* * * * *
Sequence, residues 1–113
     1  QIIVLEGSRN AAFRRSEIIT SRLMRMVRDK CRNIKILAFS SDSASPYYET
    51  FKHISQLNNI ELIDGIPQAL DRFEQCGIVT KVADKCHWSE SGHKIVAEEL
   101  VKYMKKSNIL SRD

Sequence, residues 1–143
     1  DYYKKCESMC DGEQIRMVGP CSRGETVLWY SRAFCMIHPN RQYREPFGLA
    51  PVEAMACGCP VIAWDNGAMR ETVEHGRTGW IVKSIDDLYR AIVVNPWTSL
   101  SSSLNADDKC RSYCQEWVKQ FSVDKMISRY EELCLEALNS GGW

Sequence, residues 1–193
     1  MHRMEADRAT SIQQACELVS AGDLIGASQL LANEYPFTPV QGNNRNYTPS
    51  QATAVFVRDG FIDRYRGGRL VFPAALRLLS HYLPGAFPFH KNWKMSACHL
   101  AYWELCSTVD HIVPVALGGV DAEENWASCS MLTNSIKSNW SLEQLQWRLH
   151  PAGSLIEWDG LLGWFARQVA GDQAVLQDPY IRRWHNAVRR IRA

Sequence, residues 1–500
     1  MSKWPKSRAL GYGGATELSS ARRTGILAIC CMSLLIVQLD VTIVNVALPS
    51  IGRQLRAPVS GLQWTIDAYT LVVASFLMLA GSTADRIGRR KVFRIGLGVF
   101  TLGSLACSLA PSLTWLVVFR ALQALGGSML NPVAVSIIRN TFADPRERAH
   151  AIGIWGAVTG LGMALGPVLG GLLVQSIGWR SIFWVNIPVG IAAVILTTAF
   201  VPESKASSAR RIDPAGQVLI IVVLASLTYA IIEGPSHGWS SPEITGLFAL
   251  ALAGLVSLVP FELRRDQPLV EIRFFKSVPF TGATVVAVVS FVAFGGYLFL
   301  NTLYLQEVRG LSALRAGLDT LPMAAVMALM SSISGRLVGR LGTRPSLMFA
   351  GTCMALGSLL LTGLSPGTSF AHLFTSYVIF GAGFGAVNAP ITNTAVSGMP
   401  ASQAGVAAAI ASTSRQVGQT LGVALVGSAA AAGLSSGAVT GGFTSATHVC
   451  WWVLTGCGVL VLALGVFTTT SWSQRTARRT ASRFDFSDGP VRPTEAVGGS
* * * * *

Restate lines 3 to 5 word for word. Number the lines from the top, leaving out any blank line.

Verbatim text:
    51  FKHISQLNNI ELIDGIPQAL DRFEQCGIVT KVADKCHWSE SGHKIVAEEL
   101  VKYMKKSNIL SRD

Sequence, residues 1–143